Whistleblower makes the call
January 26, 2011
Tim Haddix is a whistleblower and doesn't care who knows it. That's because he saves his whistle blowing for the basketball court.
When Haddix is not at work, the information technology specialist at Fort Belvoir, Va., for the Army Contracting Command's Information Management Directorate, is running up and down the basketball court officiating National Collegiate Athletic Association Division I basketball games across the country. He has eight years of experience at the college level.
Plenty of kids watching basketball grow up wanting to be like Michael Jordan or some other big-name player. Not Haddix; he wanted to be the official. At 15, he started officiating in Terre Haute, Ind. at the local boys club.
"I realized that being a referee isn't something you just wake up and do. You need to have a commitment to this craft," said Haddix.
After time officiating at the local boys club, Haddix moved up to high school games, then eventually to the college level. He was later selected to specifically work Division I college games and at one point, spent three years in the National Basketball Association's Referee Development Program where he was evaluated for a position with the NBA referee staff.
Haddix worked games during the NBA summer leagues and camps. The level of talent ranged from Orlando Magic's Dwight Howard to lesser-known first- and second-year players and draft prospects. The NBA program involved intensive training sessions in small groups.
"We spent several hours going over the first five to ten minutes of various games in film sessions. We reviewed everything from rules, floor positioning, plays, dealing with players and coaches, to how officiating affects our personal life, goals, and values," said Haddix.
Haddix was released from the NBA program in 2009 and credits his success in college to the training he received in the developmental program.
Currently finding time to officiate three to four games per week, Haddix ensures his scheduling point of contact knows his availability.
"A referee's schedule can be flexible for some and hectic for others. Some of the top-tier officials work more than 100 games in one season, literally traveling every night," said Haddix.
After eight years and counting in officiating, Haddix still gets nervous before each game.
"The butterflies never go away. In my first Division I college game I was extremely nervous because I was so focused on not messing up any calls. It was a Big South Conference assignment, a non-conference game at Coastal Carolina University in December of 2006. It was the second-smallest gym in Division I, only seating 1,100, but it felt like 11,000," said Haddix.
"After tip-off and a couple of minutes into the game the nervousness slowly fades away." Haddix knows that communication between coach and referee is strained and intense. But at the end of the day he doesn't take the hostility personally because it's all about basketball.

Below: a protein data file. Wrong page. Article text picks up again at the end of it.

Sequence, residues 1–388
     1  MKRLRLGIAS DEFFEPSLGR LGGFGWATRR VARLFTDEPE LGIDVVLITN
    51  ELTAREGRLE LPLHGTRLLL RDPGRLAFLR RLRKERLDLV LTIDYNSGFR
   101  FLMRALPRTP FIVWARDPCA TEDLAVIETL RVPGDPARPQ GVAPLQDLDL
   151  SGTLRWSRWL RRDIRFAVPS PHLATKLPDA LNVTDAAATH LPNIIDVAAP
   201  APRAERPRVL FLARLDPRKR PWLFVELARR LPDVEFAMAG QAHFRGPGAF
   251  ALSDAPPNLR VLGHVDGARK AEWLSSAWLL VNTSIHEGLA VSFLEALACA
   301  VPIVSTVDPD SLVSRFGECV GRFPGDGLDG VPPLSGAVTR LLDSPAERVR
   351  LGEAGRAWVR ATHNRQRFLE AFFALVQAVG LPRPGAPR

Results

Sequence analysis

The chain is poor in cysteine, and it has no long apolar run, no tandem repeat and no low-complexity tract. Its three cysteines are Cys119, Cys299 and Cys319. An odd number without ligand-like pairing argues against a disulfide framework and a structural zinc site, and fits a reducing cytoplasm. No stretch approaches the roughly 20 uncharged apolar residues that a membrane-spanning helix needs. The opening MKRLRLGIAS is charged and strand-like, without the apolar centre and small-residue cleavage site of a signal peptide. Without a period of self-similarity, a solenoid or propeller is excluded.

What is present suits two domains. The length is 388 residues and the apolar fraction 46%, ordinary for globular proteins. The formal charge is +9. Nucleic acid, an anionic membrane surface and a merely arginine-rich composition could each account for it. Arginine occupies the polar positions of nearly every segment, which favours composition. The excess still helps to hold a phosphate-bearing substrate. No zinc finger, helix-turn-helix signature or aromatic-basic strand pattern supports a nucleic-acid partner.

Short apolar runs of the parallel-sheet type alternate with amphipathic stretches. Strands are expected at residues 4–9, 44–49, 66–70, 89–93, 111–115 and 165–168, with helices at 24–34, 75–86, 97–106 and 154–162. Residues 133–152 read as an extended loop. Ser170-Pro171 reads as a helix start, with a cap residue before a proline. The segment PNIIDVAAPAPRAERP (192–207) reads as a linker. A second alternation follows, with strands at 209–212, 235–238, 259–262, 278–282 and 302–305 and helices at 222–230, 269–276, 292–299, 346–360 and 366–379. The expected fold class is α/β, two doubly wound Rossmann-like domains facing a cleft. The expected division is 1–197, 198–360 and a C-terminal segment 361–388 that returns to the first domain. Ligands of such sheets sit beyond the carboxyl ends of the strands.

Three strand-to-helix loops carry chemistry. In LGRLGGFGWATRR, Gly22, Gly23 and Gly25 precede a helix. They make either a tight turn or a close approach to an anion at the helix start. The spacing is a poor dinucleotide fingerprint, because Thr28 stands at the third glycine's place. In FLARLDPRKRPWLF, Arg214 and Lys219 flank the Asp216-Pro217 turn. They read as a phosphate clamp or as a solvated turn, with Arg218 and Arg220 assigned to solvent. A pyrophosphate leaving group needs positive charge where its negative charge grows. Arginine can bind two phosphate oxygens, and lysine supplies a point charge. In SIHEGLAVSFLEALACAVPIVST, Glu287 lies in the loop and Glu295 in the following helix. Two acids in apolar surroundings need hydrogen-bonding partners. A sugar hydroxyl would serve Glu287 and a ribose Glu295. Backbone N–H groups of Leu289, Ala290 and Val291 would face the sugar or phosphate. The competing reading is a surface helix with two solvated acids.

"When dealing with coaches, you have to develop responding skills in order to diffuse situations on the court because it can get intense. I'm a part-time referee. Coaching is their full-time job; whether they win or lose their jobs are on the line," said Haddix. "Interacting with coaches depends on the personality I'm dealing with. There are times where a coach barks at me and I have to bark right back. Some coaches are nice guys before the game starts but once the ball goes up, it's a different story; they turn into psychos on the court."
In addition to high-strung coaches, screaming fans and a fast-paced game, Haddix has one more obstacle he faces on the court, his age.
"Age is my biggest challenge because I'm much younger than my peers and I have a young look," said Haddix, who is now 30. "When I was 24 officiating games, the coaches would flip out whenever I walked into the gym because they thought I wasn't any older than half of the players on their roster. A younger referee can make all the right calls but the coaches would feel more comfortable with a veteran who may not be as efficient, all because of the look."
Aside from his officiating peers, Haddix has another set of eyes watching the game closely--instant replay. The number of cameras directed at the same play from different angles serves as the moment of truth and can prove a referee's call to be right or wrong. Haddix said as long as the video backs him up he has no reason to second guess his calls.
But even as hard as they try to make the right call, referees make mistakes, often resulting in ridicule from coaches and fans. To reduce their mistakes, Haddix and the referee team review videos during halftime of the game they're officiating and note what they're doing right and what they need to improve on in the second half. Once the game is over they review the video to assess their strengths and needed improvements.
Haddix tolerates heckling fans, irate coaches, and makes decisive calls in a split second because that is what the position calls for. The one thing he didn't count on was how officiating games would change his love for watching the sport.
"I can watch football and enjoy the game but with basketball I'm watching the referee more than the players. I'm uncontrollably refereeing every play in my mind, even if it's on TV." said Haddix.
Spoken like a true referee.